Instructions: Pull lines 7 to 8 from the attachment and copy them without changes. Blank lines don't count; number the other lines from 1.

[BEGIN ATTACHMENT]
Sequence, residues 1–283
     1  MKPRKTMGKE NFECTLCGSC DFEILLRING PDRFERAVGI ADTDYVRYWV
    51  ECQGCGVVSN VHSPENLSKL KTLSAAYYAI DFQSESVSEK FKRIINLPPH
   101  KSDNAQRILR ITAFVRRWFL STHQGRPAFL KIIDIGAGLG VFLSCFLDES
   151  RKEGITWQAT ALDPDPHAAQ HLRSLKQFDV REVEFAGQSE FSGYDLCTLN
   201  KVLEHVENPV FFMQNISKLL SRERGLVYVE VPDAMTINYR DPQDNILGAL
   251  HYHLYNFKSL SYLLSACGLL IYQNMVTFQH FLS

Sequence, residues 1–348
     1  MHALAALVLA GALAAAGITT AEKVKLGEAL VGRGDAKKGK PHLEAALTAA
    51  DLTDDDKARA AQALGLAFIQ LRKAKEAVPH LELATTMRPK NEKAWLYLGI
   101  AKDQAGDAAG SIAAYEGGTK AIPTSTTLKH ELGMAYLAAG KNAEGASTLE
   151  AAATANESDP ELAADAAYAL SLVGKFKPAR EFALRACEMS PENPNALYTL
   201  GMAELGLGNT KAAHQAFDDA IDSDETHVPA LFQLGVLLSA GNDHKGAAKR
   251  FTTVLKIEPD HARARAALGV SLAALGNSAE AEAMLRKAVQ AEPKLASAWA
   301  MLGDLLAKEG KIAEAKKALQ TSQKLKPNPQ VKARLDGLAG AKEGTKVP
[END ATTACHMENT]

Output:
   251  HYHLYNFKSL SYLLSACGLL IYQNMVTFQH FLS

Sequence, residues 1–348